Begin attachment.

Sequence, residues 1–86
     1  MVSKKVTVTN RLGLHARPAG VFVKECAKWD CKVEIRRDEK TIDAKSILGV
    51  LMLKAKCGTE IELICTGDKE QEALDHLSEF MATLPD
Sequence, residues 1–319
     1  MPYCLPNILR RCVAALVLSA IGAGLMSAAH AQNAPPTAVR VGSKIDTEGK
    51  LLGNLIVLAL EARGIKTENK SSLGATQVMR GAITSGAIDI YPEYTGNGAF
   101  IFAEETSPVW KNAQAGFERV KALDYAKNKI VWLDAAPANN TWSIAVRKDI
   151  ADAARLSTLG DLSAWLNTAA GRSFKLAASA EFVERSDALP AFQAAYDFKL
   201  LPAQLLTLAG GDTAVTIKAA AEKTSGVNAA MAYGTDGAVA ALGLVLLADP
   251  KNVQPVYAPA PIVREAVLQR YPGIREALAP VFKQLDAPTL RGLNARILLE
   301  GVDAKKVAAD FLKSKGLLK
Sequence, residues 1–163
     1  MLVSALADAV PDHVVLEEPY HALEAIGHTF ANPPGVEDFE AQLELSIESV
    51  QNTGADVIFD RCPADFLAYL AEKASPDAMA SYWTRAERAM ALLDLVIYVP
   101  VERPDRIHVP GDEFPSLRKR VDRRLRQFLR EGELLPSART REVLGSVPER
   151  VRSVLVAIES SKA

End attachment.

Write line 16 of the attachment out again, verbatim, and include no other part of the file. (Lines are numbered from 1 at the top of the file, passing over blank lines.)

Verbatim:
   151  VRSVLVAIES SKA